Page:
Hollywood Reporter's Kirk Honeycutt recently described Mel Gibson as a "cinematic sadist." In Gibson's current "Apocalypto," hearts are ripped from chests, heads are severed, and one gets a better understanding why Gibson made "Passion of the Christ" and why he wanted to do a mini-series about the Holocaust.
"The Passion" satisfied a combination of Gibson's passions: his passion for the Gospels (or at least Nun Anne Catherine Emmerich's version of them), and his passion for sadism. The sadism contained in cinematic history's bloodiest, goriest, most sadistic portrayal of the crucifixion was at least as big a motivating factor as any religious fervor. After all, the film was brought to us by a man who slaughters baby cows at his farm "to relax." How much do you want to bet that his favorite part of "Braveheart" was the disembowelment scene?
As Gibson, who has drawn "parallels between the Mayan sacrifices of 600 years ago and the Bush Administration war policies of today," according to the Toronto Star, moves from hero of the Right to hero of the Left (which will forgive his religiosity and reassert that the Right doesn't have a monopoly on god), and as the ingredients of modern leftism reveal themselves in Gibson: anti-war and anti-Jew (which in Gibson's language are synonymous anyway), Gibson has expressed interest in doing a Holocaust project.
This is no dichotomy. His interest in the Holocaust which he'd wanted to do as an ABC mini-series before ABC canceled does not exist despite his admitted Jewish problem, but because of it.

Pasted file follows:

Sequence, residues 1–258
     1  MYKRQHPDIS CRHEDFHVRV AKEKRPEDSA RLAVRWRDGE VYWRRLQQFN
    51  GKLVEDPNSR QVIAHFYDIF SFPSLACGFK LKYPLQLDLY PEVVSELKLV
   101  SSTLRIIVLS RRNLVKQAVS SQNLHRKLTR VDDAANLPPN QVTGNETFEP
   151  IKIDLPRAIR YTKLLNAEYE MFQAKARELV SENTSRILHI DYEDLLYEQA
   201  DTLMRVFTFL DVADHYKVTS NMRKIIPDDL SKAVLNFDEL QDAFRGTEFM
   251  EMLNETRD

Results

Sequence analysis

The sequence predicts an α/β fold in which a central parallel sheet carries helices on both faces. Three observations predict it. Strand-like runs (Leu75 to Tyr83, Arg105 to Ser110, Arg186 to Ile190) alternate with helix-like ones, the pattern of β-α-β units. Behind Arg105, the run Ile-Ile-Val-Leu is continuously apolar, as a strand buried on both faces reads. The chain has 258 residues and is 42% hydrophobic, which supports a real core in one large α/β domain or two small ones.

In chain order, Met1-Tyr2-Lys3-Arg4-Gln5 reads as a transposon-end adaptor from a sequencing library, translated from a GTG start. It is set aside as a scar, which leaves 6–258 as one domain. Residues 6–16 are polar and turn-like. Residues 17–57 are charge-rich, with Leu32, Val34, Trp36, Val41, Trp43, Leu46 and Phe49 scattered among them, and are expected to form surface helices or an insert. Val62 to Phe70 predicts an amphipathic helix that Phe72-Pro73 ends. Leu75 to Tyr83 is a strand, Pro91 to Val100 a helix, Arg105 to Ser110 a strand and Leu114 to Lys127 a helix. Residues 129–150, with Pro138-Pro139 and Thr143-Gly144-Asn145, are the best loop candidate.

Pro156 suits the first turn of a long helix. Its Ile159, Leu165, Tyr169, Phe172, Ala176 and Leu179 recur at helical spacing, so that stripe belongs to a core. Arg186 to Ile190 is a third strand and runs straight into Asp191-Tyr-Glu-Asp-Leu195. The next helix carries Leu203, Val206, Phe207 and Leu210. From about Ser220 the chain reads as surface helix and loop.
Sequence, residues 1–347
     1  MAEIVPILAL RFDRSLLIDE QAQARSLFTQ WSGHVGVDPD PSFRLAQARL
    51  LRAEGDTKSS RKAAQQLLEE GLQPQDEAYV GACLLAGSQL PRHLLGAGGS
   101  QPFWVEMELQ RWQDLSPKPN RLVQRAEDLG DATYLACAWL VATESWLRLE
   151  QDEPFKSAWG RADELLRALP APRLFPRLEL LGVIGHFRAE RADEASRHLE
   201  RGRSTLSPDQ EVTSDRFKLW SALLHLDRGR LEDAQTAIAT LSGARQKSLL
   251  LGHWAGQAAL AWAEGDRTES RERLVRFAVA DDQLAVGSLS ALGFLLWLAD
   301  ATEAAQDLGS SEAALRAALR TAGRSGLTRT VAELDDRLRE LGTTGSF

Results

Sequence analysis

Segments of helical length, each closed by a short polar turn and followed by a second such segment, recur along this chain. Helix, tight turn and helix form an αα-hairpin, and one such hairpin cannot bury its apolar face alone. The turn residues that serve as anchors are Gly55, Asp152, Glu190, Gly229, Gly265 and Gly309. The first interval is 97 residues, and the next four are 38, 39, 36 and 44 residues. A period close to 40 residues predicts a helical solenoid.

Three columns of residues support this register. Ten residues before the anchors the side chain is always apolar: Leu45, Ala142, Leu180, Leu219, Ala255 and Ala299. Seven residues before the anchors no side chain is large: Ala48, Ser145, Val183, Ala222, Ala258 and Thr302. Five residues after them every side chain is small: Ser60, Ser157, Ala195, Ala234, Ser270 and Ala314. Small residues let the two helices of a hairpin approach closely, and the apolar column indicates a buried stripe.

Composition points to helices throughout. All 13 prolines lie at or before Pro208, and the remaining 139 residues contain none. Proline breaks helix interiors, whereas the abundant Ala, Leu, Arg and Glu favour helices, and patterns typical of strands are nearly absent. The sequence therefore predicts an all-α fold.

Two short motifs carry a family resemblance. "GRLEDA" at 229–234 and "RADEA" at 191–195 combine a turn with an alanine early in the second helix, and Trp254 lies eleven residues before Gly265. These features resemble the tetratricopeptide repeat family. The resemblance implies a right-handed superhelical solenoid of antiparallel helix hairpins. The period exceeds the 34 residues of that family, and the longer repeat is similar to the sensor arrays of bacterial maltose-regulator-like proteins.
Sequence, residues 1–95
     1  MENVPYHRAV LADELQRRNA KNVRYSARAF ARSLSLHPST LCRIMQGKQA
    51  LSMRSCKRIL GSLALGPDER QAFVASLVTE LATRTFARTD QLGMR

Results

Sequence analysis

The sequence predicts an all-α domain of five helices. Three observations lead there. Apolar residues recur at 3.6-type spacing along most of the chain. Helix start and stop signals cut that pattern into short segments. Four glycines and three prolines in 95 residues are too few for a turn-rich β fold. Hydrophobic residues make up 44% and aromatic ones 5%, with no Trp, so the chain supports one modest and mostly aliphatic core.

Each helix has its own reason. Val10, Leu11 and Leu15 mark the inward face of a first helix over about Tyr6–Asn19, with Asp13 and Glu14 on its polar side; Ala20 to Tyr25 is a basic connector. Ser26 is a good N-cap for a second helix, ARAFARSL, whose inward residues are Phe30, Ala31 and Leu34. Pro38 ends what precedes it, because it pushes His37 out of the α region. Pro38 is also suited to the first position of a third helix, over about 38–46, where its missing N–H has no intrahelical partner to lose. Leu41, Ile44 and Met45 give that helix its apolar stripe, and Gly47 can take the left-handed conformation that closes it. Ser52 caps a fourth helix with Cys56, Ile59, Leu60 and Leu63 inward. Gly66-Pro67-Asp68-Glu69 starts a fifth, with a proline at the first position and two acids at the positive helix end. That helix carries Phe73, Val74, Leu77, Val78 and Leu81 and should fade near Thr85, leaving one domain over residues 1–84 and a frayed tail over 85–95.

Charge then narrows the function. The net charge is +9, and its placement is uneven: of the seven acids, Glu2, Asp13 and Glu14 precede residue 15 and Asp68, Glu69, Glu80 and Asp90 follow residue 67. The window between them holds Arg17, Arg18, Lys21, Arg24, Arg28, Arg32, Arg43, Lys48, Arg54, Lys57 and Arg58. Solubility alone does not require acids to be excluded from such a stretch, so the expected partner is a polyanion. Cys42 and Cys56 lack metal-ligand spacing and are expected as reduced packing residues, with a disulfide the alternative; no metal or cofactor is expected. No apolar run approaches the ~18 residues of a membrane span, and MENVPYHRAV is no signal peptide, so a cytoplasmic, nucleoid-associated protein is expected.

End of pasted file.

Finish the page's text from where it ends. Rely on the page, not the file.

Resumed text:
With the ABC cancellation, look for a gory self-financed movie at some point instead. The subject has obvious appeal for Gibson. Think of the endless possibilities a time and place that was a no-holds-barred free-for-all killing spree of six million souls. Gibson will be a kid in a candy store. Imagine it: a million and one ways to kill man, woman and infant human experimentation, disembowelment, whimsical point-blank executions, bodies piled on bodies, gas chambers, ovens, the smell of burning flesh, and the slow sawing off of heads by Hitler's Croatian satellite state, whose enthusiastic foot soldiers also removed eyes and organs. Mel, are you salivating yet?
Which means that, amid all the endless commentary written, broadcast and blogged at the time of the release of "The Passion of the Christ," the only ones who actually nailed it were Trey Parker and Matt Stone in their "South Park" cartoon. That's a sad commentary in itself.
In their myopic defense of the welcome triumph for religion that was "The Passion," not one conservative pundit or writer allowed for the nuance that the "South Park" episode did and generally, South Park isn't one for nuance. Parker and Stone brilliantly handled the dichotomy between the positive force that the film had on audiences, and the troubled man who brought it to them.
Audiences leaving the South Park movie theater say things like:
"Makes you want to change your life, huh?"
"I had no idea how horrible Jesus' death was. Let's be good Christians from now on."